Orvie Nix, a retiree in Amarillo, Texas, had expected his family would receive its $2,400 in stimulus funds with a letter signed by President Trump, or by direct deposit in his bank account, as he had seen on the news.
Instead, Nix got an envelope in the mail from “Money Network Cardholder Services”, containing a prepaid debit card. The plain envelope seemed typical of the unwanted financial offers that flood the mail. Like an unknown number of others, Nix assumed his stimulus payment was junk mail, and put it in the shredder.
With passage of the CARES (Coronavirus Aid, Relief, and Economic Security) Act to speed financial relief to individuals and businesses in the wake of the pandemic, some four million Americans are receiving their stimulus payments on prepaid cards in a process that has been described as confusing and disorganized.
Democrats on a House oversight subcommittee complained in a May 28 letter to Treasury Secretary Steven Mnuchin that the debit cards are easily confused for junk mail or a scam, due to the use of the plain envelope from “Money Network Cardholder Services,” a name taxpayers won’t recognize. The paperwork inside the envelope bears the logo of the Department of Treasury but makes no reference to the IRS.
“Alarmingly, if an individual calls the number listed in the accompanying materials” to activate the card, the person must enter “a substantial portion of his or her social security number,’’ the letter said.
The lawmakers sought answers from Mnuchin by June 2 on how many people have had to order replacement cards, and how taxpayers were chosen to receive the cards rather than a paper check. A spokesman for the panel told FairWarning that the Treasury Department has not yet responded.
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An IRS spokesperson who declined to give his name told FairWarning he did not know how people were selected to receive the debit cards. He said that the IRS was not involved in the decision, and referred further inquiries to the Treasury Department’s Bureau of Fiscal Service, which did not respond to emails.
Representatives of the financial firms handling the prepaid cards, Metabank and Fiserv, also referred questions to the Bureau of Fiscal Service.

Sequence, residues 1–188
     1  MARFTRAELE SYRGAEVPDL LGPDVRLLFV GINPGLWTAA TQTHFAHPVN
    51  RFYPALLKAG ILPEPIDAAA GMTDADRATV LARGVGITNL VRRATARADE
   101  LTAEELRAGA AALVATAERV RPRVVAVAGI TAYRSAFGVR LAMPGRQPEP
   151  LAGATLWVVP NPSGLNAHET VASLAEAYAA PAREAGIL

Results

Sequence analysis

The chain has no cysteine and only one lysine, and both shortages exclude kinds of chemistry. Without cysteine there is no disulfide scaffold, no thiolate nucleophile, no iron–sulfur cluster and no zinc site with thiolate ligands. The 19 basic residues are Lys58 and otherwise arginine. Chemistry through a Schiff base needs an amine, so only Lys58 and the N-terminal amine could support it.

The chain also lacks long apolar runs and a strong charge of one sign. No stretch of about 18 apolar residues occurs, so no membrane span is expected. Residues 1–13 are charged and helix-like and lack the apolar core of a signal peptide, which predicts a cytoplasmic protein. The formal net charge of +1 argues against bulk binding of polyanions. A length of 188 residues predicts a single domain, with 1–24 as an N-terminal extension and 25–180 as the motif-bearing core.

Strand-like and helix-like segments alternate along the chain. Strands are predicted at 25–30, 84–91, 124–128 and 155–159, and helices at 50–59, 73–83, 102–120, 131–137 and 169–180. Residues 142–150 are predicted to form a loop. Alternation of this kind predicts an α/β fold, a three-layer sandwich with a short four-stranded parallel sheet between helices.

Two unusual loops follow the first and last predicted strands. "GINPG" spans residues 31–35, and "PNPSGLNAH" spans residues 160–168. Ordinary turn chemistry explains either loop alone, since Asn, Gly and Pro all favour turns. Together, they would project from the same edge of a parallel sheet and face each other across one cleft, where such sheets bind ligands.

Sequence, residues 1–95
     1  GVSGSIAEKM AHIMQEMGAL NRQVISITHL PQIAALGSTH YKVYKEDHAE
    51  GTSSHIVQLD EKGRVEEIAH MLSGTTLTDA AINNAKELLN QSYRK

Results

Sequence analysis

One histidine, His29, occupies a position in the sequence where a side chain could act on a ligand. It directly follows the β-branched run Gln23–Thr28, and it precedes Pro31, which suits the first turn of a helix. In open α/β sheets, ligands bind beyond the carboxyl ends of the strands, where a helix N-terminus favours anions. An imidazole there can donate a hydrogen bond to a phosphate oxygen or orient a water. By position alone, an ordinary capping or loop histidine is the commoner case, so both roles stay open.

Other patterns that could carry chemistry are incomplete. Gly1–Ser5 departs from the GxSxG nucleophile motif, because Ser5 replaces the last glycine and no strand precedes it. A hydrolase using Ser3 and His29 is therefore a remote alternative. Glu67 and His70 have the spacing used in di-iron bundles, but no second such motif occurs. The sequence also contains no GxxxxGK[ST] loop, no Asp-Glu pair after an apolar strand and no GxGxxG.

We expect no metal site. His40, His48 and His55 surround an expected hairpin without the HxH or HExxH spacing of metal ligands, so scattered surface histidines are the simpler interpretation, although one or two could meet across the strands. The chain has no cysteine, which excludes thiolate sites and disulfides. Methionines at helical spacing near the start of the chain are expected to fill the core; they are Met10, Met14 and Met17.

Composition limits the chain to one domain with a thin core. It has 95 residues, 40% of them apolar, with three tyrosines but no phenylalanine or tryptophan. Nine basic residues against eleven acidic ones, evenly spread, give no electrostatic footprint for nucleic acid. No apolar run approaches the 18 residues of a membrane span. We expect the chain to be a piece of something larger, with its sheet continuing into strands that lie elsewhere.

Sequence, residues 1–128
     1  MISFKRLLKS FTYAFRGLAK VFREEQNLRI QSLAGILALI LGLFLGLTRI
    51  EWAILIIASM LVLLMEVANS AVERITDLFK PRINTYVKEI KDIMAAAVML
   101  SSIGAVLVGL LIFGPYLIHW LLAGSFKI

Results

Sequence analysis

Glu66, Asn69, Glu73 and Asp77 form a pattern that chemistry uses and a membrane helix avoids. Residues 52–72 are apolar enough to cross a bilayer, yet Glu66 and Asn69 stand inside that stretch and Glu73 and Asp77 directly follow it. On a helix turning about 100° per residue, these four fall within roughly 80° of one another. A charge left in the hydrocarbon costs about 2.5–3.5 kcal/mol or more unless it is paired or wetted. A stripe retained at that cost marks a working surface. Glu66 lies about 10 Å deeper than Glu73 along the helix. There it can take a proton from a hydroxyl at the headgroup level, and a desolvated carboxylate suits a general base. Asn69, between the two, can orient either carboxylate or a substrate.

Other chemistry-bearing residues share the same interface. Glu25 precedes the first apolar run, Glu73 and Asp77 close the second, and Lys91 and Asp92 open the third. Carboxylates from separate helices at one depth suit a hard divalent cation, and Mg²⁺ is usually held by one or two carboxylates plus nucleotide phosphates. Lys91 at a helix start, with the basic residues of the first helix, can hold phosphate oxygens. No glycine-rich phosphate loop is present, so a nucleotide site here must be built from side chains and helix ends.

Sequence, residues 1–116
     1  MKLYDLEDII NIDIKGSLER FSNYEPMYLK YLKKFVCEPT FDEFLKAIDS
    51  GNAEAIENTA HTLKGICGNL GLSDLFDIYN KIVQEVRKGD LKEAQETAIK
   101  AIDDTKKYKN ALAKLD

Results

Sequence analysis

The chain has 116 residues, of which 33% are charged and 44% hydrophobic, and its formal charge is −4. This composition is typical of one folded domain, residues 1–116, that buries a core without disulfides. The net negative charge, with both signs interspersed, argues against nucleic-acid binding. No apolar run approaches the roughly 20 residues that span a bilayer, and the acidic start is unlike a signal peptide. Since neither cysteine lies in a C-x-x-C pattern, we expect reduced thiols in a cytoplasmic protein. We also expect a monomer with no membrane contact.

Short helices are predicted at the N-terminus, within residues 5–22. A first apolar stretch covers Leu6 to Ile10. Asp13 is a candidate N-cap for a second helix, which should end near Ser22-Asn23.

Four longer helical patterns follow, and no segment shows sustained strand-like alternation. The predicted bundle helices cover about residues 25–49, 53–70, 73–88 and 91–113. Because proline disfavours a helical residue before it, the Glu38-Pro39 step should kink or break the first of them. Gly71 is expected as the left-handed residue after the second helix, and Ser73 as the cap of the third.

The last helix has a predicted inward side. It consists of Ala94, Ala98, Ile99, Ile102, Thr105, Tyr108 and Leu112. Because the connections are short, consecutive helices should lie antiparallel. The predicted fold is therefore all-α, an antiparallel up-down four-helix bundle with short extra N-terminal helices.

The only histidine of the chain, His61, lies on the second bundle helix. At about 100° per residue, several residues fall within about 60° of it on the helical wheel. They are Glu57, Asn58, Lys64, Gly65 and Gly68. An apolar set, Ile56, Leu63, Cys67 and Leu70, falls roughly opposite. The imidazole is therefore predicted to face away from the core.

Mobile banking and prepaid card companies had lobbied the Treasury Department for contracts to help distribute stimulus payments, claiming that prepaid cards would be a swifter and more secure way for Americans to get their money, as Reuters reported in April.
The Economic Impact Payment Cards, as they are called, are issued by MetaBank, which describes itself as one of the nation’s leading providers of prepaid cards. The bank primarily serves low-income individuals who do not have access to traditional banks, according to the company’s 2019 annual report. A website set-up by Fiserv and Metabank provides information on using the cards and about fees.
People who mistakenly tossed their cards can get a new one by calling 800-240-8100. Orvie Nix said he called the 800 number and got a new card earlier this month.The IRS initially said it would charge $7.50 to replace cards that had been lost or thrown away, but later announced that it would waive the fee for first-time replacements.
The IRS also issued a press release urging people to watch for the envelopes. And the agency appears to be alerting tax preparers with emails like the one it sent to Nix’s accountant Cliff Heffner.
“Please help us get the word out that these are valid cards,’’ said an IRS representative in an email to Heffner. “Folks are throwing them away or are wondering if they are fraudulent. Please share the information on your websites, newsletters and social media accounts, etc..” says the email to Heffner, which he shared with FairWarning.
Heffner wrote back: “The prepaid debit card action has certainly been done by IRS in a haphazard and unannounced fashion…What a mess you people have caused!”
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